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Mindfulness

Wednesday, 6 May, 2015 - 10:25 pm

Mindfulness is a word bandied about alot these days. The NY times recently posted an article called The muddied meaning of mindfulness, the synopsis of which is that mindfulness means a mental state achieved by focusing one's awareness on the present moment.

The Zohar tells a story of Rabbi Shimon Bar Yochai whose yahrtzeit (date of passing) is today Lag B'omer.

During a severe drought, a delegation came and requested of him to pray for rain. He started to lecture on the verse "Hinei mah tov..." ("How good and pleasant it is when brothers dwell together in harmony..." Ps. 133) and immediately, it began raining.

Recently, while studying Talmud (tractate Taanit), my study partner and I learned the story of Choni Hamaagel. One year, most of the winter’s rainy season had passed and it did not rain. They sent for Choni “the Circle Maker.” He prayed and the rains didn't come. Choni drew a circle, stood in it and said: “Master of The World! Your children have turned to me; I swear by Your Great Name that I will not move from here until You have pity on Your children (Talmud, Taanit 23a),” and the rains came down. This story, is among others that Talmud discusses of people praying for rain, and what they needed to do to cause the heavens to bring rain.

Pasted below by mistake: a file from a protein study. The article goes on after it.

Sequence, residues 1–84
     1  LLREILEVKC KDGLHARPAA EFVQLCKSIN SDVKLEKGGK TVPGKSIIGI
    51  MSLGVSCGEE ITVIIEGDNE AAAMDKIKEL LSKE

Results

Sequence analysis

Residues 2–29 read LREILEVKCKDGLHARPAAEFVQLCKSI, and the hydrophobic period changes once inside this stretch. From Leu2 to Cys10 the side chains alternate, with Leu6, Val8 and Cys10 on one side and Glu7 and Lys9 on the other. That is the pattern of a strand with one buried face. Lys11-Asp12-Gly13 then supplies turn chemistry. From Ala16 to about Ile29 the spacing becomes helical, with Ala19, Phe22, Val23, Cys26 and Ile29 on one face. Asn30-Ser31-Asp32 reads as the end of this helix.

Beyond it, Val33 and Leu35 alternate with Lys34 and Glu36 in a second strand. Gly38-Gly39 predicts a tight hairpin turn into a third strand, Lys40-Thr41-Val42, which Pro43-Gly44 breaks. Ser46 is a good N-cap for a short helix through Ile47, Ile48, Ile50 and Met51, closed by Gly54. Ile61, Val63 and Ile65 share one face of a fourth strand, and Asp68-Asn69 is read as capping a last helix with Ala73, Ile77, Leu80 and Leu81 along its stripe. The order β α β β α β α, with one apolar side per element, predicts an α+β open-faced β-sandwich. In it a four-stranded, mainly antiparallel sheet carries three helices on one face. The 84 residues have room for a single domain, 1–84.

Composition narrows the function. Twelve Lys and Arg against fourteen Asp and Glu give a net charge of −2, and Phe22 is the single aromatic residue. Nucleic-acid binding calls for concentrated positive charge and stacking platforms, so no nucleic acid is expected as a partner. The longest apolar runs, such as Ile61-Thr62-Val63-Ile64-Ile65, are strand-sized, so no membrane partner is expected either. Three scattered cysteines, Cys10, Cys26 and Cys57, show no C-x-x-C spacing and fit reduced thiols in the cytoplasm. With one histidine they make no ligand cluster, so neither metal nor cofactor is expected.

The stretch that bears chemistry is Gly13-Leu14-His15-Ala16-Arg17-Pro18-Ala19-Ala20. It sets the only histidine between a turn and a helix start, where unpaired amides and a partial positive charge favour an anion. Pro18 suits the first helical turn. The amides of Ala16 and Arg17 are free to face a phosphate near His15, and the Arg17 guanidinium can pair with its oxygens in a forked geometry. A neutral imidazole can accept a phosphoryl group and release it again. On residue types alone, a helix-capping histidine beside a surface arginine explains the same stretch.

Usually, in order to cause the heavens to open and bring rain, the leader needed to do something dramatic: draw a circle, take off a shoe (a different story) and pray. With Rabbi Shimon it was different, he just started to teach Torah and, voila, it started to rain!

Why was Rabbi Shimon different? How did he effect change with such minimal effort? Because Rabbi Shimon's profession, talent and passion was Torah study; mindful Torah study and focused Torah study.

We all work on being focused and ignoring the buzz of the phone, the noise outside and the internal noises that help us be unfocused. Perhaps, the Zohar tells us this story to encourage and tell us that we too can change the nature of things by making the time we set aside to learn Torah sacred, untouchable and mindful. Even if life is so busy and we can only learn 15 minutes in the morning and/or 15 minutes in the evening, let us be mindful of that time and focus on the present moment ... you never know; it may change the nature of the world and fill it with the rains of blessing.

Have a wonderful "Lag B'omer" and a restful Shabbos,

Rabbi Kushi Schusterman

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